The Social Security Administration has delivered sobering news: one in four of today’s 20-year-olds will become disabled before they retire. When an unexpected disability occurs, income vanishes but not financial obligations. My friend was an expert in robotic surgery until a debilitating illness forced him into retirement. Wondering if you should add disability insurance to your financial plan as an added layer of protection?
Man fishing on a lake
Strategic planning today can help you establish a sound financial future if your income stream runs dry.

After almost 20 years of practice, my friend, John*, became a well-respected Ob/Gyn. He had become an expert in DaVinci robotic surgery. In addition to performing it on his own patients, he travelled the country demonstrating the benefits of DaVinci and training others to use it.

During his down time, John loved to fish and watch his kids enjoy water activities. We spent many days each summer soaking in the sun and unhooking Walleye and Northern Pike and Crappies.

John is “retired” now, forced into by the age of 50 due to Multiple Sclerosis or MS. His disability progressed quickly before stabilizing, but it took away his ability to operate DaVinci. His gait changed and he became less stable. Not only could he not work, his fishing is far less frequent than it used to be.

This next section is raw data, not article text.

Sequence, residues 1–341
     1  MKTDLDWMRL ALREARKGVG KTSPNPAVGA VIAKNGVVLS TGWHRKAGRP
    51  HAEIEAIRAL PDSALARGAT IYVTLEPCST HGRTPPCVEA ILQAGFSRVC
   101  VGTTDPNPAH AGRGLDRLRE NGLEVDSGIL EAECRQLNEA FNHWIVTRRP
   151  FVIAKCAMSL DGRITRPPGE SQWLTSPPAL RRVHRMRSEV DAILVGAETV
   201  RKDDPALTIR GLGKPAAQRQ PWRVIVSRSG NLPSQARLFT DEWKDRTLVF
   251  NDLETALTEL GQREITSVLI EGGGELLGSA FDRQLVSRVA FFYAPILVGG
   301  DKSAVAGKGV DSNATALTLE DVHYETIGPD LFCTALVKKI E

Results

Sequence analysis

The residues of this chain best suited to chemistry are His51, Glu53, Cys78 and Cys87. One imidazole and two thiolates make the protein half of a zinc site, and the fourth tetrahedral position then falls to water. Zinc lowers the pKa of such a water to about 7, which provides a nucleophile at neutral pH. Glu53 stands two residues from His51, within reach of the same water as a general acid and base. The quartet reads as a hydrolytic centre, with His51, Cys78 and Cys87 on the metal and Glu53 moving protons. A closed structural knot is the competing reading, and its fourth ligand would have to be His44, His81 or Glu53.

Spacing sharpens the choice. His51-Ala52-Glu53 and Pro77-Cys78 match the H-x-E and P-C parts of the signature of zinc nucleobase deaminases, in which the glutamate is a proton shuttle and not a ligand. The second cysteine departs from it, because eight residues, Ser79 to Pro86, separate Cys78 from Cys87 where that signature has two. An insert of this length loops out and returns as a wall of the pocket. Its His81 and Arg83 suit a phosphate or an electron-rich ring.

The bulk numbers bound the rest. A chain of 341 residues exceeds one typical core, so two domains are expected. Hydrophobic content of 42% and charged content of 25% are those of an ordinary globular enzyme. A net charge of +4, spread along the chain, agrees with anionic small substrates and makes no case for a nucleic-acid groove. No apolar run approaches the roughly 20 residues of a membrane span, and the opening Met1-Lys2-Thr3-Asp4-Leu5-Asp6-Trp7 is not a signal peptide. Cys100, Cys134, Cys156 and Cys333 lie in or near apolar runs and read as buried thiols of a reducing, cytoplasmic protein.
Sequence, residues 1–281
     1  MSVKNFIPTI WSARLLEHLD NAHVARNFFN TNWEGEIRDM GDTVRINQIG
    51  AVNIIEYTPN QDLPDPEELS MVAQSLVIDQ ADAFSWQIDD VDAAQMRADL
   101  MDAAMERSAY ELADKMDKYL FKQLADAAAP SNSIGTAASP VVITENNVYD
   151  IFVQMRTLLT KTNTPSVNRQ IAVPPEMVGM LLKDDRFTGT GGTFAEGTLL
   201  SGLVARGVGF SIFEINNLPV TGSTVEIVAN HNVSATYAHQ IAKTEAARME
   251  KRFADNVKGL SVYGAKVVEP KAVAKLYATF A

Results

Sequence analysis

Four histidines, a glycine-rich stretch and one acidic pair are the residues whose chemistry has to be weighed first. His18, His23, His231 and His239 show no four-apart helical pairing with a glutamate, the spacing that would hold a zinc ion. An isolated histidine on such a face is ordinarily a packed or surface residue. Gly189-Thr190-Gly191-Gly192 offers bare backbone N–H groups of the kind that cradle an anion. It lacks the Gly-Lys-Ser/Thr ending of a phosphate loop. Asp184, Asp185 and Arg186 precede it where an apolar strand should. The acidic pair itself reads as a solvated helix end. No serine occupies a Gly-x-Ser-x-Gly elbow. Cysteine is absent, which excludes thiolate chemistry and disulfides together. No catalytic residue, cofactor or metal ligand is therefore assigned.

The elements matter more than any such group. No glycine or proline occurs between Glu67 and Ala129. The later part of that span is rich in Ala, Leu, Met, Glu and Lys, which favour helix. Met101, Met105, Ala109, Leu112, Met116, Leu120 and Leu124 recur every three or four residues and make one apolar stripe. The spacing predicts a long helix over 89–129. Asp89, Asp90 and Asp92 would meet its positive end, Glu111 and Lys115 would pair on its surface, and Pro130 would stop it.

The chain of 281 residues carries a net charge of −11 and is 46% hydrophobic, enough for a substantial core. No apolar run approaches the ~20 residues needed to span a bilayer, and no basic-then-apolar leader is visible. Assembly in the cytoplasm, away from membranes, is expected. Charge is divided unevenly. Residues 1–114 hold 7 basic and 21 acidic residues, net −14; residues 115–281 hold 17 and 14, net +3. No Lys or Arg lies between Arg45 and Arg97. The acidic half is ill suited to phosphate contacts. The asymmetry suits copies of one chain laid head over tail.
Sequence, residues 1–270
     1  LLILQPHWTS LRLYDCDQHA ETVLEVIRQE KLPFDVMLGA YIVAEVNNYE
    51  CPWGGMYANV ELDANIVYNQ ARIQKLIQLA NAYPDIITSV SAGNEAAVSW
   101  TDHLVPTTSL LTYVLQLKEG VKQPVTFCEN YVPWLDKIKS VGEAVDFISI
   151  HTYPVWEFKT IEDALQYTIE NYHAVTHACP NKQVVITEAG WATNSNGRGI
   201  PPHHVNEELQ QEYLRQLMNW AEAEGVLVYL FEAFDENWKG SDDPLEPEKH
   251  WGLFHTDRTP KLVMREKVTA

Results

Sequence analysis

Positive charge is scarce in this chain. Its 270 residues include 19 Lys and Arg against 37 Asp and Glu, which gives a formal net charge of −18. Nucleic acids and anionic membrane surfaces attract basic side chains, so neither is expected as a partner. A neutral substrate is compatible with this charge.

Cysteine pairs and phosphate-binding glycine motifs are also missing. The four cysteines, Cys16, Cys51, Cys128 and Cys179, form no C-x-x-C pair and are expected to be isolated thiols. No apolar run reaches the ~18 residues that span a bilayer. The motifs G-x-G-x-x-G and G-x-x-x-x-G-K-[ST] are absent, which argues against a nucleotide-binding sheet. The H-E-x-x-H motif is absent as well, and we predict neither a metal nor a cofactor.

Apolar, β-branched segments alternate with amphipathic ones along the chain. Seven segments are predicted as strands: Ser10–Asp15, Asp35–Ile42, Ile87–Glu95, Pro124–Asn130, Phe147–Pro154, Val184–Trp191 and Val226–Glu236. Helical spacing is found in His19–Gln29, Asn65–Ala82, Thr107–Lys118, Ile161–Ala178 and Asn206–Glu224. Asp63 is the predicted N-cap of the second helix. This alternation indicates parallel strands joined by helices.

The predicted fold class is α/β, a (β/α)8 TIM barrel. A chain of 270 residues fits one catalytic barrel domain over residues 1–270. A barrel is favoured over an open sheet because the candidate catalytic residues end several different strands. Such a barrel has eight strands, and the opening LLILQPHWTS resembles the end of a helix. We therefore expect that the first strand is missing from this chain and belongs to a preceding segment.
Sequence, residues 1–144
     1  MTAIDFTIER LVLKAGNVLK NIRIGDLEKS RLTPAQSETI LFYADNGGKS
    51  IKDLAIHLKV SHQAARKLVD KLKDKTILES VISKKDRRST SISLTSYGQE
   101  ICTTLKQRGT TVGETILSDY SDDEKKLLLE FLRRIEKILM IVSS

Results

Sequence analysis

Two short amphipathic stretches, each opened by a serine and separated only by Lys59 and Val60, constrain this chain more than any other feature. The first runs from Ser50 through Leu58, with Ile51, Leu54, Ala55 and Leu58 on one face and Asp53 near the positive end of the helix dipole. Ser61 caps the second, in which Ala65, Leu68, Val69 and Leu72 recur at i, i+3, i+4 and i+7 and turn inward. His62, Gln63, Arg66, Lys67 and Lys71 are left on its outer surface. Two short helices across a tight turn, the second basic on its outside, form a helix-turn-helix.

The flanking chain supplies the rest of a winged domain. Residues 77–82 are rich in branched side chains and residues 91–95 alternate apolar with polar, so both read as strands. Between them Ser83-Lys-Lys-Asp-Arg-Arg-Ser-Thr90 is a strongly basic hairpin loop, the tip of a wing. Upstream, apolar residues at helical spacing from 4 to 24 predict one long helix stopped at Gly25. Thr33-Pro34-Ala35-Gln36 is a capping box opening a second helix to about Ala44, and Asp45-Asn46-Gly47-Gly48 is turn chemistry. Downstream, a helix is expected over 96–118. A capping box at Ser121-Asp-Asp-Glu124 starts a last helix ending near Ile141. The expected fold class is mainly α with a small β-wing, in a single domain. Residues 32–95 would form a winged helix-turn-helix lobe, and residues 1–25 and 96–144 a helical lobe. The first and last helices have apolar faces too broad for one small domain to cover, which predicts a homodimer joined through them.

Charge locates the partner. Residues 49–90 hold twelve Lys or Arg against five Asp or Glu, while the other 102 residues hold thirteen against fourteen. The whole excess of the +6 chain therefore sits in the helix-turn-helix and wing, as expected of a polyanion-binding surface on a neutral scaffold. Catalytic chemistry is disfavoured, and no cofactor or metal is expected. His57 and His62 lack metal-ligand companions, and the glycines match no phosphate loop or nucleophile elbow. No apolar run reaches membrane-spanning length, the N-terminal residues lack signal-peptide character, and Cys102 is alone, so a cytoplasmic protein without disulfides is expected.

As tragic as John’s situation is, it could have been far worse. John worked for an employer who valued its people enough to offer a strong group long-term disability or LTD plan. Since John met the requirements for benefits (and there’s no current cure for MS to allow him to recover), 60% of his salary is replaced until he’s eligible for full Social Security benefits.

Like all group LTD, however, there’s a maximum benefit that is far below John’s pre-disability earnings. John had a good neighbor and friend, however, who showed him the value of insuring the risk that his employer didn’t. The individual policy that John bought “covers the gap” and nearly 70% of all of John’s pre-disability earnings have been replaced.

His children have been able to attend college. He’s kept his home. And while John wishes every day that he could see patients (and fish!), he sleeps better at night knowing his financial foundation is solid.

*Not his real name.

IZALE founder and CEO, Scott Richardson has been delivering unsurpassed experience to clients for four decades, helping them execute optimal compensation packages. He delivers rich insight to clients by helping them structure compensation, nonqualified benefits, and both bank-owned life insurance (BOLI) and corporate-owned life insurance (COLI) plans.

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